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Probably the clearest example of the survival of an early goddess into Christian times is Brigid (pronounced “breed”), the great triple goddess of the Celtic Irish who appeared as Brigantia in England, Bride in Scotland, and Brigandu in Celtic France.

So entrenched was the devotion of the Irish to their goddess that the Christians “converted” her along with her people, calling her Bridget, the human daughter of a Druid, and claiming she was baptized by the great patriarch St. Patrick himself. Bridget took religious vows, the story went on, and was canonized after her death by her adoptive church, which then allowed the saint a curious list of attributes, coincidentally identical to those of the earlier goddess.

The Christian Bridget, for instance, was said to have had the power to appoint the bishops of her area, a strange role for an abbess, made stranger by her requirement that her bishops also be practicing goldsmiths. The ancient Brigid, however, was in one of her three forms the goddess of smithcraft. Brigid also ruled poetry and inspiration, carrying for this purpose a famous cauldron; her third identity was a goddess of healing and medicine. Not surprisingly, the Christian Bridget was invoked both as a muse and as a healer, continuing the traditions of the goddess.

Three Brigids

There were three Brigids, who were probably never construed as separate goddesses but as aspects of one divinity; unlike other triple goddesses, they were identical, not aging through the typical maiden-mother-crone sequence. The Brigids were unified in the symbol of fire, for her name means “bright arrow,” or simply the “bright one.”

Almost into modern times, the ancient worship of the fire goddess Brigid continued at her sacred shrine in Kildare, where 19 virgins tended the undying fire and where, on the 20th day of each cycle, the fire was miraculously tended by Brigid herself. There, into the 18th century, the ancient song was sung to her: “Brigid, excellent woman, sudden flame, may the bright fiery sun take us to the lasting kingdom.” But for more than 10 centuries, the Bridget invoked was a saint rather than a goddess; her attendants, nuns rather than priestesses.

The Irish said that the goddess Brigid brought to humanity a number of useful things, including whistling, which she invented one night when she wanted to call her friends. And when her beloved son was killed, Brigid invented keening, the mournful song of the bereaved Irishwoman; this story draws her close to the great mother goddesses of the eastern Mediterranean, and like them, Brigid was identified with the earth herself and with the soil’s fertility.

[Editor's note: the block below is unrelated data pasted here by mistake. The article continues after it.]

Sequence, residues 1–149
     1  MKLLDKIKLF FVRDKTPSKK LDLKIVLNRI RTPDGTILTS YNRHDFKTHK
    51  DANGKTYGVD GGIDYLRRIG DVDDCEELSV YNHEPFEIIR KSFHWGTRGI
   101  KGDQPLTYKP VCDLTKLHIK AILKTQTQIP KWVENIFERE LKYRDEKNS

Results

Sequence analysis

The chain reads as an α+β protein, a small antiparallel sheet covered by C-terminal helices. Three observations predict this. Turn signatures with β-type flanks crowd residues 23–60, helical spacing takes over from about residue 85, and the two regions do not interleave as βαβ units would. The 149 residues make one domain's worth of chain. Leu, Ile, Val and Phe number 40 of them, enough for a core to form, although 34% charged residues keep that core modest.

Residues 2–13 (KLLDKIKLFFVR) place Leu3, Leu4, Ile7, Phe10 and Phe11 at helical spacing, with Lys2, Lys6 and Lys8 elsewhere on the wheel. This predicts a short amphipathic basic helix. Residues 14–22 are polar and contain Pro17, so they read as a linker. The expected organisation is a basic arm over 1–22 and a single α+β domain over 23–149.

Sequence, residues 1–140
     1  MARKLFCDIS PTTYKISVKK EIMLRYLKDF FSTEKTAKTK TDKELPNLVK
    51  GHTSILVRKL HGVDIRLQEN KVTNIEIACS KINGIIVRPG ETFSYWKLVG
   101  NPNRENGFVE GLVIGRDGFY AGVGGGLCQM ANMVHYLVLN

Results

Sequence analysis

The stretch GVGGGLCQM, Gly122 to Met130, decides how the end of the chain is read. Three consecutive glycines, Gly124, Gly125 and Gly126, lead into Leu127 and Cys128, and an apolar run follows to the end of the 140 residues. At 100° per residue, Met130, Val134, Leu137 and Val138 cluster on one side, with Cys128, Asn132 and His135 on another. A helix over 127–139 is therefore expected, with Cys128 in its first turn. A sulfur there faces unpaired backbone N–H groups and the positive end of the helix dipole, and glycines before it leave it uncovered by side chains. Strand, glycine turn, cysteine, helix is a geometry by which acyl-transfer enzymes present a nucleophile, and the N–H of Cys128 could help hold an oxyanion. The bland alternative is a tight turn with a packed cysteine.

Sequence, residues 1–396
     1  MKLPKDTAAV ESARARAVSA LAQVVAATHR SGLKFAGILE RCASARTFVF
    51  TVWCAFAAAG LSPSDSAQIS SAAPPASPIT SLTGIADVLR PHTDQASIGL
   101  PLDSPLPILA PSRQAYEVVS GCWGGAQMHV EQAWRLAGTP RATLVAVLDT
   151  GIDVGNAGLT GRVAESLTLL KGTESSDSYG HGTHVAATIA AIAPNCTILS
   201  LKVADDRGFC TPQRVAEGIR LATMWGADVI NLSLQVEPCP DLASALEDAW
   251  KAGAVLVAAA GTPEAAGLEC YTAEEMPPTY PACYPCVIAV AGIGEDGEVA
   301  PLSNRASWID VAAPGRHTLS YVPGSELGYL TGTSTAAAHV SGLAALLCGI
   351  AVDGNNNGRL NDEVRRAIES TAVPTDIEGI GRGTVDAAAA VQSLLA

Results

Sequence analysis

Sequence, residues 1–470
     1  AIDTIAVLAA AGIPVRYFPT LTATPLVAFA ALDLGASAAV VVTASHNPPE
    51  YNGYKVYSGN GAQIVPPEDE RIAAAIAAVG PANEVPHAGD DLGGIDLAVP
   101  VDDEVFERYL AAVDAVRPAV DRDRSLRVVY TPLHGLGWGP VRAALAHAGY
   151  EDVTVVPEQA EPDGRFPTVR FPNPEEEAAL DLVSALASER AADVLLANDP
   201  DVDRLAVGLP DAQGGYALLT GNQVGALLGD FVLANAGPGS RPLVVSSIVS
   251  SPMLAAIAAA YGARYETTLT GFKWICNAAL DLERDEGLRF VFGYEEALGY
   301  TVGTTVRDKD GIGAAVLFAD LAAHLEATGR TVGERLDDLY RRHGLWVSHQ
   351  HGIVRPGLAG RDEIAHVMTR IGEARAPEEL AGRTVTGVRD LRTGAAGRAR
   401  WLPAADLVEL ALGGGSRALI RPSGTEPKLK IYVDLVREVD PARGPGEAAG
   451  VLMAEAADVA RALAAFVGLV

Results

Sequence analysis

Little remains of the Celtic Brigid

Ritual, that most conservative of forces, preserved Brigid’s name and symbols for more than 1,000 years after she ceased to be acknowledged as a goddess. But little is left of the legends told of one of the greatest of all Celtic goddesses, a deity so high that her brass shoe was the most sacred object that could be imagined, a divinity so intensely related to the feminine force that no man was allowed to pass beyond the hedge surrounding her sanctuary.

Some rituals and legends suggest that Brigid’s history may date back even beyond the era of the Celts – that she may have taken on some of the aspects of an even more ancient seasonal goddess of the pre-Celtic inhabitants of Ireland and Scotland. In the latter, a series of stories relate how the Cailleach kept a maiden named Bride imprisoned in the high mountains of Ben Nevis. But her own son fell in love with the girl and, at winter’s end, he eloped with her. The hag chased them across the landscape, causing fierce storms as she went, but finally she turned to stone and Bride was freed.

In such stories, which may date back as much as 2000-3000 years, Brigid becomes a surrogate for a spring/summer goddess whose rule over the land alternated with that of a fall/winter hag. Similarly, the fact that the massive sandstones called sarsens, used in the building of such ancient pre-Celtic monuments as Stonehenge and Avebury, are called Bridestones, suggests that Brigid’s identity as a primary goddess caused her name to be used of Neolithic (late Stone Age) divinities of the area.

Text from Patricia Monaghan‘s The Book of Goddesses and Heroines
Published by Llewellyn, copyright 1997. Used by permission of the author.

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